“While my clients are disappointed in the final outcome, the Judge did make some key findings against Councillor Wiebe,” Mussio said by email.

The petitioners argued that Wiebe’s interest was in common with the wider pool of voters from the 2018 election, not the smaller pool of liquor licence holders that figured in the judge’s reasons.

“That interpretation of the law seems to widen the ability of City Councillors in the future to participate and vote on Motions even where they will see an economic benefit personally. As a result, my clients are reviewing this broad interpretation of the Charter to determine if an Appeal of the decision is warranted.”  

Michael Redmond, one of the petitioners, originally filed a conflict of interest complaint under the city’s code of conduct. Lawyer Raymond Young was retained by the mayor’s office to investigate.

Vancouver city hall (Mackin)

Young found in September 2020 that Wiebe had direct and pecuniary interest in the motion and bylaw and violated the Vancouver Charter. Young recommended Wiebe be disqualified from office and resign his seat.

“His conflict of interest actions cannot be viewed as an error in judgment made in good faith,” Young wrote.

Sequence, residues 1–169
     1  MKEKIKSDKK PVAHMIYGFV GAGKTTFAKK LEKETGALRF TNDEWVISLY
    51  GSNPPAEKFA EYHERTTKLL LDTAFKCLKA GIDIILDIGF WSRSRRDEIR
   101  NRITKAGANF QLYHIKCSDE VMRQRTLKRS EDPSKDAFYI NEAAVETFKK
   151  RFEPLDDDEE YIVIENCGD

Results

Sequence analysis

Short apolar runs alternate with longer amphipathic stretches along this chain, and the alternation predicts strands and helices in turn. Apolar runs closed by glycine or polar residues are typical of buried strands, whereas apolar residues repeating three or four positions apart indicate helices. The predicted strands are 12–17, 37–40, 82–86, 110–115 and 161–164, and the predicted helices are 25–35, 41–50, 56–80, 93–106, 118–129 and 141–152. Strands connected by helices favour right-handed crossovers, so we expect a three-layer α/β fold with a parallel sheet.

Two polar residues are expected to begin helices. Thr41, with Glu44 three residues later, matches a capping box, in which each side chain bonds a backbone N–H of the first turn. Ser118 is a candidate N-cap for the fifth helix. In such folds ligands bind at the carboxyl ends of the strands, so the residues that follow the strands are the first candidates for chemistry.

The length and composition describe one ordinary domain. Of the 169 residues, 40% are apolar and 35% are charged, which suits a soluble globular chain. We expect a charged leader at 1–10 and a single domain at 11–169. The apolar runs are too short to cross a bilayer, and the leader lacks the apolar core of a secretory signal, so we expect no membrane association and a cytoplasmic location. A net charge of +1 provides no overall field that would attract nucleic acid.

Since the October 2020 filing of the case against Wiebe, three of the four remaining NPA councillors went independent in protest of the board’s closed-doors naming of Park Board Commissioner John Coupar as the party’s mayoral candidate in 2022.

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Bob Mackin A Vancouver city councillor will keep

For the week of July 18, 2021:

Despite the law saying the next election is in October 2023, the Trudeau Liberals are planning to head to the polls more than two years early.

Research Co. pollster Mario Canseco (Mackin)

In between Coquitlam and Surrey spending photo ops, Prime Minister Justin Trudeau was in North Vancouver shooting a campaign video.

Pollster Mario Canseco says the Liberals will try to turn a campaign into a referendum on the pandemic, in which they unleashed billions of dollars on social and economic spending. They are also hoping to capitalize on Conservative Erin O’Toole’s lack of profile. Could O’Toole’s only hope be a campaign prosecuting the litany of Liberal scandals?

In B.C. ridings, can NDP leader Jagmeet Singh overcome a softening of support for B.C. NDP Premier John Horgan? Where will Green votes go while the party implodes?

Hear Mario’s thoughts on the above issues as the clock ticks toward a snap election.

Plus Pacific Rim and Pacific Northwest headlines and commentary.

CLICK BELOW to listen or go to TuneIn or Apple Podcasts.

Now on Google Podcasts!

Have you missed an edition of theBreaker.news Podcast? Go to the archive.

Support theBreaker.news for as low as $2 a month on Patreon. Find out how. Click here.

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theBreaker.news Podcast: Federal election nearing
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For the week of July 18, 2021:

Bob Mackin